Last Sunday marked the halfway point of our time here in the Vihar. We had a halfway ceremony – which is a euphemism for a major cleaning and room inspection. We were told that if we had our room sparkling clean and disinfected by 10am last Sunday, we would get Nutella for Sunday morning breakfasts. Gwendolyn, the Vihar manager (and resident of Japan for four years!), ordered us to “dettol” (really pungent Indian cleaning solution that burns your skin if you use a really concentrated amount) our bathrooms and showers and floors as if we were moving out and new people were moving in. I guess it’s pretty Zen.
This week was rough – I was starting to get a bit sick (sore throaty and achy, probably because the weather has been changing) so my motivation to get up at 5am to meditate with really really upright posture in a hot black robe in a room with no fans on (Sensei doesn’t want unnecessary electronic noise) plummeted. It was a tough week. On Wednesday, I came home and Hannah was super sick – I think it must have been food poisoning. By the next morning, Shira also got super sick with a fever as well. Taking care of my roommates seemed to bring my spirits up a little bit. But they were bedridden until Friday, which wasn’t so good.
Each night, we have the opportunity to sign up to take Sensei out to dinner. Four of us meet him after evening meditation and take him to a restaurant in town (all of which he has been to before, since he’s been teaching at this program for over 30 years). We tried to keep it informal. He loves to talk about how American culture is so much about intellectual thinking and “me me me me me me me me me me” and rationalizing everything. And he believes that it turns us into machinery. Zen, he explained, addresses those habitual ways of thinking and asks one to just pay attention to whatever you are doing.
On Friday, despite the fact that I wanted to stay around to take care of my sick roommates, I decided to attend the 24-hour Zen retreat at the Root Institute across town. I was hesitant, but I thought it would be a good challenge. The retreat was completely silent, and we wore our practice robes the entire time. We alternated walking meditation and sitting meditation pretty much the entire day. Thirty minutes of sitting meditation facing each other, ten minutes of walking slowly in the temple then walking around the temple three times, then thirty minutes of sitting facing the walls. Over and over again. This was my first proper retreat actually – I’ve done a monastery stay in New York for several days (with 4:30am wake up time, sitting meditation, walking meditation, working meditation, etc.), but never an intensive meditation retreat like this one. Although it was only 24 hours, sitting upright in Zen posture all day long was pretty painful. Every few hours I made plans to skip out on some of the sessions – as others were doing – but never actually skipped out. It was also really tough to sleep while I was there – being silent was much more uncomfortable than I thought it would be. I felt like I couldn’t escape my mind. I’m glad I went. It strengthened my meditation endurance level. And the Root Institute is a beautiful Tibetan Buddhism-based retreat center with prayer flags and a big prayer wheel. And they served us good food.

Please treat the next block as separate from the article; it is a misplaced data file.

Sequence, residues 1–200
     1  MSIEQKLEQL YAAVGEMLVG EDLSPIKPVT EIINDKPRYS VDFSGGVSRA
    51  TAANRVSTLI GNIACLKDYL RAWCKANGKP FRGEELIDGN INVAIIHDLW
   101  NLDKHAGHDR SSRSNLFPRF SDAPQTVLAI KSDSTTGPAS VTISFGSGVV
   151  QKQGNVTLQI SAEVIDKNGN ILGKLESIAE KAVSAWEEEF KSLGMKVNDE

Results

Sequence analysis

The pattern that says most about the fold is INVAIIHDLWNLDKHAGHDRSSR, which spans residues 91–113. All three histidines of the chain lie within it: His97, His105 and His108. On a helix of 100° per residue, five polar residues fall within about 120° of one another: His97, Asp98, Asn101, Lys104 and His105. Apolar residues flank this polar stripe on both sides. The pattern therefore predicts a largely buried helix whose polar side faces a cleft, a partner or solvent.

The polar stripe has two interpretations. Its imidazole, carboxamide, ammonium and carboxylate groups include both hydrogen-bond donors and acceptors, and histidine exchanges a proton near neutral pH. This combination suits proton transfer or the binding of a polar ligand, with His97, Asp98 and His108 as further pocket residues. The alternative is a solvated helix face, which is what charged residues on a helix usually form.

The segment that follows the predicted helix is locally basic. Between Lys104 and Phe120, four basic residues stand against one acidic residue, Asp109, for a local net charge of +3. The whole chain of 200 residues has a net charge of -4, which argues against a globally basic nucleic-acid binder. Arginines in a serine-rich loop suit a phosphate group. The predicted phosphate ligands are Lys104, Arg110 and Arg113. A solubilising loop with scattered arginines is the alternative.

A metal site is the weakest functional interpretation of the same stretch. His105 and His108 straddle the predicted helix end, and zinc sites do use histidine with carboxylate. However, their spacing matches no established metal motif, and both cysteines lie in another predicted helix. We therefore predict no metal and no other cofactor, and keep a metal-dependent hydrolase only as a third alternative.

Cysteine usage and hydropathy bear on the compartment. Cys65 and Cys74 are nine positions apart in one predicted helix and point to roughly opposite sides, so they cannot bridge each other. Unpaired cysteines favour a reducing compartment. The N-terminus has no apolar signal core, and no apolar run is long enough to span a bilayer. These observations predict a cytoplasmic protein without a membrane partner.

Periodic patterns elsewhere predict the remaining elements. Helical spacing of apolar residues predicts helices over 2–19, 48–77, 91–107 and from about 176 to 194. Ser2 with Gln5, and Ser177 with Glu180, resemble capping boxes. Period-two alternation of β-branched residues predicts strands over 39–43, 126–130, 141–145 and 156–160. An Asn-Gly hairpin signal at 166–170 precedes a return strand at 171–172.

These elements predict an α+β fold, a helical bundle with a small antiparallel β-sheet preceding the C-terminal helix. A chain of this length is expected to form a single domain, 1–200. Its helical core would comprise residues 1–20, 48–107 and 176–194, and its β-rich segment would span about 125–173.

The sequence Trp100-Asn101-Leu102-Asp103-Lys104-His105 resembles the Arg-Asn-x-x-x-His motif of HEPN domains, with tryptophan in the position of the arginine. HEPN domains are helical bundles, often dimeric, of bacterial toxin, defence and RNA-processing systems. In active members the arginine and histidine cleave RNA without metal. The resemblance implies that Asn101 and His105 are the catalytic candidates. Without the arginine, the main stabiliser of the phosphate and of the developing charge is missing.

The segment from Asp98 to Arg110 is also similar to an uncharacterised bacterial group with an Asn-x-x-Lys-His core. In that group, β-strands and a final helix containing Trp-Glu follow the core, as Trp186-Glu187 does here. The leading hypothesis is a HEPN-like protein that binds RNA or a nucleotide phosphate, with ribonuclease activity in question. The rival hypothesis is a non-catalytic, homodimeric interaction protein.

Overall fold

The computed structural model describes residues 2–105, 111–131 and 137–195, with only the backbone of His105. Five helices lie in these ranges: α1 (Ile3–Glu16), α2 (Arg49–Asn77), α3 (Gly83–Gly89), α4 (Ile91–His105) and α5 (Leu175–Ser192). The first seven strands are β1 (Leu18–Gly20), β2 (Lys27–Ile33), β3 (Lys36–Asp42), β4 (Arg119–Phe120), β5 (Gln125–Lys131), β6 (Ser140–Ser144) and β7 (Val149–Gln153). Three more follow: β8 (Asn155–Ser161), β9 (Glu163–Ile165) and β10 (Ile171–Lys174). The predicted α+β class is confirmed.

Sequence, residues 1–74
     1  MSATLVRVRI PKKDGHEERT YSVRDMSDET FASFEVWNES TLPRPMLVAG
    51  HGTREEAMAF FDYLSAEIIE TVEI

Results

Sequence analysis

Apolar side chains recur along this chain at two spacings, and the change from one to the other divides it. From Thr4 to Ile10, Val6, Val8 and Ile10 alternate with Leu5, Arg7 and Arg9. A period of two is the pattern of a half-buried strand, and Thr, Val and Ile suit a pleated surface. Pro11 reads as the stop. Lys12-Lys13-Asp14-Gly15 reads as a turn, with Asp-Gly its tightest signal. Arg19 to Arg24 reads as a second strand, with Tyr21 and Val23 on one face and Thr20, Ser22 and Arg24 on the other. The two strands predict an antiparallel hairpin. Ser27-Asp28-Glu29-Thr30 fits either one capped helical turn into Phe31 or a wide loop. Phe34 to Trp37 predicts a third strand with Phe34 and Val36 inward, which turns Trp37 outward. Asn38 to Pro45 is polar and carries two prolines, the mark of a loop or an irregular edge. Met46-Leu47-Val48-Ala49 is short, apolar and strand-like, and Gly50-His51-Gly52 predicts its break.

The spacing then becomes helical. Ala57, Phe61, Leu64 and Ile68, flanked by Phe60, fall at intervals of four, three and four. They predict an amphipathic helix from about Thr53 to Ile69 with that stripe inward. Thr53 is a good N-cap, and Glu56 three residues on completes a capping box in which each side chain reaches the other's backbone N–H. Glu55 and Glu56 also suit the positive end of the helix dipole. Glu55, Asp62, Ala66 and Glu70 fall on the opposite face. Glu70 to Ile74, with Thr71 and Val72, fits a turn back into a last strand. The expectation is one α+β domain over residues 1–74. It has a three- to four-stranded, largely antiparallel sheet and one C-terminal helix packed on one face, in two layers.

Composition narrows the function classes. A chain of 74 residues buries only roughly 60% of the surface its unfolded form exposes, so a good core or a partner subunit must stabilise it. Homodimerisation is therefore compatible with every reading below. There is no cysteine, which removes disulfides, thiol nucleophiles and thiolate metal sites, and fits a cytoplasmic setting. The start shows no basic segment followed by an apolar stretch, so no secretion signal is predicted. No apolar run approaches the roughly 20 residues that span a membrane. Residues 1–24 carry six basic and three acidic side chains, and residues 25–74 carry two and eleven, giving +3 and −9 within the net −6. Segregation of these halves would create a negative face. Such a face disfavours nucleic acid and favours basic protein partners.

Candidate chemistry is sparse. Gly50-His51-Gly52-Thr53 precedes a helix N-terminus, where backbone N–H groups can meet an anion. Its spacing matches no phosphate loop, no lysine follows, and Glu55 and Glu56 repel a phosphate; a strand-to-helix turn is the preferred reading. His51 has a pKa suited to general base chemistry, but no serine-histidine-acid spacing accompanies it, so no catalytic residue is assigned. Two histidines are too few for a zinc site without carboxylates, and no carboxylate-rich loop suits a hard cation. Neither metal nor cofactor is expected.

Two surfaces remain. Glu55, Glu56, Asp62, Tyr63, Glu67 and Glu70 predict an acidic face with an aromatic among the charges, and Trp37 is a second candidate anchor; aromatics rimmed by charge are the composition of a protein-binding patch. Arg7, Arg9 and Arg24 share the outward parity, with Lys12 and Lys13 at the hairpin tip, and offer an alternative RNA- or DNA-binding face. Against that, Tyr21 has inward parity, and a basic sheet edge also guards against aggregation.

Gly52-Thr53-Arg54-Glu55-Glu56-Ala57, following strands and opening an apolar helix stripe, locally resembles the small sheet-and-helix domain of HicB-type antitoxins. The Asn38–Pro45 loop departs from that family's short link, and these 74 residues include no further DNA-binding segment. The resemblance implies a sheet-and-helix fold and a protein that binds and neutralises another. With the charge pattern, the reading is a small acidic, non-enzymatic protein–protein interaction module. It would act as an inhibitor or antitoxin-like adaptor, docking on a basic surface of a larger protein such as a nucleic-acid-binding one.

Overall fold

We are (were?) in the midst of a cyclone – lots of rain and not a lot of power. On Sunday, we woke up to heavy rain and felt really cozy all morning. I wore my nightgown to breakfast and we were served pancakes with chocolate syrup. Since there was no power and pretty dark outside, I lit a candle and spent the day in my room reading by candlelight. I lit some incense to cover up the smells of the shitmarsh that is outside our back window. It was a shame that the cyclone hit Bodh Gaya this weekend, because the town had been preparing to celebrate Durga Puja – a big festival that is celebrated in the state of Bihar. Usually, Robert said, there would be tons of people on the streets and men dancing and women would wear all their new clothes and surround the altars that are constructed on the streets. This year, it was pouring rain.
Dengue fever is currently in Bodh Gaya. I’m not sure how many cases there are here, but we’ve been told to be extra cautious by wearing mosquito repellent all day. Gaurav-ji, my Hindi professor, assured(?) me that I would survive dengue fever if I got it, “the pain would just last for months.”
Zen ends on Thursday morning. By that afternoon, I’ll be heading to Varanasi with my roommates for the short weekend we have off. Varanasi is known to be the one of the holiest sites for Hindus. There are ghats (long stretch of steps leading to the water on the Ganges) alongside the holy river which Hindu followers used for bathing. The goddess river cleanses away your sins (it’s a holy river but that doesn’t mean it’s clean nor safe for us to bathe in; really don’t want to get giardia). Varanasi is a really holy place to die – along the river are ‘burning ghats’ used for public cremations. This is one of the must-sees in India.
When we get back from Varanasi on Saturday night, we will start Tibetan Buddhism with Chokyi Nyima Rinpoche, a really important Buddhist figure and author of many books, who we will only have for one week. But because we only have him as a teacher for one week, it “is going to be chaotic” says my anthropology professor. We will be meeting with him for several hours in the evening, instead of just for one hour of meditation practice. He will also have the power to ask us to meet whenever – even if it’s during class – so we’ll have to reschedule classes. My chore I’ve been assigned is to offer him water at his Dharma talks – I hope I’ll get close enough that his wisdom rubs off on me.